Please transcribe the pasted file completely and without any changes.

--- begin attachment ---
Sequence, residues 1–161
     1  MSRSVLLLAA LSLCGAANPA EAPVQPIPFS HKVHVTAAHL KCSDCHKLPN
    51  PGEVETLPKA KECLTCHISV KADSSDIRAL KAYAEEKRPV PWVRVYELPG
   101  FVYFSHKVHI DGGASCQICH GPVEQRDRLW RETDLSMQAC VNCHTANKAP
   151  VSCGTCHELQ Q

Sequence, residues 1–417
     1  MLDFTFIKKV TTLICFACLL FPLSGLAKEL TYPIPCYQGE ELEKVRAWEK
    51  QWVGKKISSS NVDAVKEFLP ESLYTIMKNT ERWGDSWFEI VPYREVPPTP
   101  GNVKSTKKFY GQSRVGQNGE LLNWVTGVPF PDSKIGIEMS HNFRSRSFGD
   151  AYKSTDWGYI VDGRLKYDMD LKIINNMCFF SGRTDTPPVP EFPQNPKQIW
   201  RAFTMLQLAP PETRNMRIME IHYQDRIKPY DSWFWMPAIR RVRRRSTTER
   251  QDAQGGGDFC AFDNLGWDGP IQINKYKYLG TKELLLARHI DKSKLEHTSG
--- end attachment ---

Sequence, residues 1–161
     1  MSRSVLLLAA LSLCGAANPA EAPVQPIPFS HKVHVTAAHL KCSDCHKLPN
    51  PGEVETLPKA KECLTCHISV KADSSDIRAL KAYAEEKRPV PWVRVYELPG
   101  FVYFSHKVHI DGGASCQICH GPVEQRDRLW RETDLSMQAC VNCHTANKAP
   151  VSCGTCHELQ Q

Sequence, residues 1–417
     1  MLDFTFIKKV TTLICFACLL FPLSGLAKEL TYPIPCYQGE ELEKVRAWEK
    51  QWVGKKISSS NVDAVKEFLP ESLYTIMKNT ERWGDSWFEI VPYREVPPTP
   101  GNVKSTKKFY GQSRVGQNGE LLNWVTGVPF PDSKIGIEMS HNFRSRSFGD
   151  AYKSTDWGYI VDGRLKYDMD LKIINNMCFF SGRTDTPPVP EFPQNPKQIW
   201  RAFTMLQLAP PETRNMRIME IHYQDRIKPY DSWFWMPAIR RVRRRSTTER
   251  QDAQGGGDFC AFDNLGWDGP IQINKYKYLG TKELLLARHI DKSKLEHTSG